First of all I would like to thank you for all the teaching you have available on your website.  As a new believer, it has helped me tremendously to better understand the Bible and strengthen my faith.  I do have one question (well have many more, but start with this one).  In one of your answers on prophesy you refer to 1 Corinthians 13:8 and conclude that prophesy etc ended when the New Testament was completed.  You also ask for Biblical reasoning in order for you to consider anything else.  When I did some more research on this topic I came across a article from John Piper which to me made a very reasonable argument that the prophesies will not cease until Jesus returns:
What is your view on this argument?    
And btw if you ever plan to teach in the Middle East, let me know as I surely will attend 🙂


This person’s argument is a very weak one.  Here is why.  1 Corinthians 13:8 has been used as a proof-text that prophecy has ceased.  (By the way, in my article I was not using 1 Cor 13 as a proof-text for this doctrine)  I believe that John Piper does a reasonably good good job of showing that this interpretation is questionable–that 1 Corinthians 13:8 is a poor proof text for the ceasing of prophecy after the first century.  However, he does not provide any evidence from 1 Corinthians 13 that prophecy is still in effect.  My opinion is that 1 Corinthians 13 is a really poor proof text for either side of the discussion, as it is clearly open to interpretion.   I would argue that Paul is stating a truism here.  He is stating a generic truth that when the perfect comes, the imperfect is no longer needed.  Is this about the Scripture?  Is it about when Jesus comes back?   Is it about heaven?  It could be about any or all of these things.  It is really dubious to use this passage to prove anything one way or another about whether tongues or prophecy is in effect.  However, here is where the weakness in Piper’s argument comes in.  What John Piper has NOT done is prove that prophecy is still in effect.  How does 1 Corinthians 13 prove this?  At absolute best, it may prove that prophecy might still be in effect, but then we would need a passage that says they are still in effect.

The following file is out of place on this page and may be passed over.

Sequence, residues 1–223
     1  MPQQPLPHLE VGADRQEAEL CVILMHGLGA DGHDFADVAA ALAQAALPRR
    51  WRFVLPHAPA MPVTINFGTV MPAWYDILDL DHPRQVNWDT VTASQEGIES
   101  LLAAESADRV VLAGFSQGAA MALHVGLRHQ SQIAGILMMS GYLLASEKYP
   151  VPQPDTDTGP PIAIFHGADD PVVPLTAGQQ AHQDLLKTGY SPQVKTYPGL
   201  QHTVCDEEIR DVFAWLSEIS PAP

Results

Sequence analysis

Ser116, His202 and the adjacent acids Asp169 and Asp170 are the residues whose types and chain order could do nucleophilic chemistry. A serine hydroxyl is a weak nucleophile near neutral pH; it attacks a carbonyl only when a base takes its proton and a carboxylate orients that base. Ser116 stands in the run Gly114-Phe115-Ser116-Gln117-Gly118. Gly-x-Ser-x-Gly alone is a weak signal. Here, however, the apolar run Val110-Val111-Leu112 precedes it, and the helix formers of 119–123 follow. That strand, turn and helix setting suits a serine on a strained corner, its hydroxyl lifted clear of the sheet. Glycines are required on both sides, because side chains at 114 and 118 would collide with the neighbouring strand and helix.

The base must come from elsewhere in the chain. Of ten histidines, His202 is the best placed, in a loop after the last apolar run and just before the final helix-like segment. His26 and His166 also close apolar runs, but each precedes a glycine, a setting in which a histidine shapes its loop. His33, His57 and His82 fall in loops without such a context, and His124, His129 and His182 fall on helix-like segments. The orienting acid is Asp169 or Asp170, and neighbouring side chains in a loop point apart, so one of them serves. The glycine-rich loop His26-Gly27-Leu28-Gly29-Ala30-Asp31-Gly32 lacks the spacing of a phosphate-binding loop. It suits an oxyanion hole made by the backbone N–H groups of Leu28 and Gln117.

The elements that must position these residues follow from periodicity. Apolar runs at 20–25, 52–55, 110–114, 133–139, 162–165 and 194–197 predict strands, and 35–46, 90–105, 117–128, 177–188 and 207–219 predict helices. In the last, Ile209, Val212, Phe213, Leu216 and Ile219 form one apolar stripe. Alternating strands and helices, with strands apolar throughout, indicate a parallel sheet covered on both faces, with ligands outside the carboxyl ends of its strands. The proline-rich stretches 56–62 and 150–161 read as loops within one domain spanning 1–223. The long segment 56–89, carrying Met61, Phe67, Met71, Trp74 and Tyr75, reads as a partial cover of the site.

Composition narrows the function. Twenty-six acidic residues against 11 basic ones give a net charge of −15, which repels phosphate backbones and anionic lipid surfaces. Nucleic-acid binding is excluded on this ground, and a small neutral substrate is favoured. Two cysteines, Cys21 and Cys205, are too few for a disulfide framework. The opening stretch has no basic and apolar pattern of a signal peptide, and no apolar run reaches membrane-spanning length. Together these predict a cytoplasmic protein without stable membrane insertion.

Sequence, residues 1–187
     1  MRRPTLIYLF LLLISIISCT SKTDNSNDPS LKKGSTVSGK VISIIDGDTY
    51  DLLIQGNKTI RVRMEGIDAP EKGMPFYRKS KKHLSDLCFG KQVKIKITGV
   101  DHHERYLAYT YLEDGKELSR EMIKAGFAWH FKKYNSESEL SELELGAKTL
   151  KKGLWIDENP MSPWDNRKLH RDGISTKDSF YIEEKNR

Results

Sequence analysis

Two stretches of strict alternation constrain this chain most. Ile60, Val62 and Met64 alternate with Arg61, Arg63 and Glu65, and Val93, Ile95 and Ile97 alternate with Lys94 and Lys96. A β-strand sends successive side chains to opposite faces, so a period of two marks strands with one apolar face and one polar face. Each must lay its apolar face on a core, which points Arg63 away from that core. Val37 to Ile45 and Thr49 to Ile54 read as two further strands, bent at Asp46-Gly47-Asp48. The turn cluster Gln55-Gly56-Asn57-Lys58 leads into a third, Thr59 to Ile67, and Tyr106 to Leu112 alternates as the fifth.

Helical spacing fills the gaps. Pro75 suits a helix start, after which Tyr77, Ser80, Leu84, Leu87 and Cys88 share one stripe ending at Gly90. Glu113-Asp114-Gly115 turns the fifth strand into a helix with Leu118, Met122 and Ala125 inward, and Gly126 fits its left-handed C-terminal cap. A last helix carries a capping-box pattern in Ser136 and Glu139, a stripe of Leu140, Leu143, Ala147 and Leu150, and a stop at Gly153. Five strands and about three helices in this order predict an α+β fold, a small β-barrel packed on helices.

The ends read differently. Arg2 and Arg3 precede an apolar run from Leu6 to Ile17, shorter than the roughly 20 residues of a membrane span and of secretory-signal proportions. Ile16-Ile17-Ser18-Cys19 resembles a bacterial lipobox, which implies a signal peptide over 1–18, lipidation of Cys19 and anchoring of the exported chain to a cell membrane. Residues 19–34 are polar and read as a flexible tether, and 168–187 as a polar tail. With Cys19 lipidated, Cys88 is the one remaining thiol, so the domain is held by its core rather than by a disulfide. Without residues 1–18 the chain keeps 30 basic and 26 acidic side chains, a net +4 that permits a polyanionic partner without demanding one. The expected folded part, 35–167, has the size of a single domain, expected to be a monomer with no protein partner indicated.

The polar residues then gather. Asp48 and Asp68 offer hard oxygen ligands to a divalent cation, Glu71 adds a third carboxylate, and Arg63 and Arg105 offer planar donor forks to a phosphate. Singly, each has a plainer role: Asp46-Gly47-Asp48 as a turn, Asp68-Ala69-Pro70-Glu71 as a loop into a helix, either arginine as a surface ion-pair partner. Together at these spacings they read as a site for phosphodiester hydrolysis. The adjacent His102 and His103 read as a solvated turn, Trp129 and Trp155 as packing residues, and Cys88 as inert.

OK, so where is his evidence?  What scripture does he provide to suggest that miraculous prophecy will continue until Jesus comes back?  The biblical evidence, even from the passages he uses about Timothy, is that prophecy was only given to people upon the laying on of hands of an apostle.  Acts 8 is an example of this.  Phillip had miraculous gifts and wanted the Samaritans to have it as well, but he had to send to Jerusalem for apostles to come there in order to give the gifts of the Holy Spirit.  There is no biblical evidence for miraculous gifts being given by any other means.  His example from James 5 is not of a miraculous gift.  No scholar I know of agrees that James 5 is talking about one of the miraculous gifts.  

Besides, even John Piper gives the reason that we no longer need prophecy.  Even if 1 Corinthians 13:8 does not prove that prophecy has ceased, the fact is that the reason for prophecy certainly has ceased.  Hebrews 2:4 tells us that the miracles were given to testify to the validity of the new message delivered by the apostles.  We have the complete New Testament.   We no longer need miraculously inspired prophecy as the revelation is complete.  We have no apostles to lay on hands.  Miraculous gifts have ceased.  Church history agrees with this interpretation.  There is strong evidence that miraculous gifts had ceased by the early second century.  Church fathers do not mention tongues or miraculous gifts–neither do they mention inspired prophecy in the second century.   If there are still tongues and prophecy in play now, then why did they not exist in the second century?

In summary, John Piper presents here a very weak argument for prophecy still being in place.   At best, he defeats a proof-text that has commonly been used for the ceasing of tongues and prophecy, but he show no evidence that they are still in effect.   I hope this helps.

I would love to come back to the Middle East, and hope God will send me there soon, but I am afraid that when I come, I will not have inspired prophecy to bring!!!

John Oakes


Comments are closed.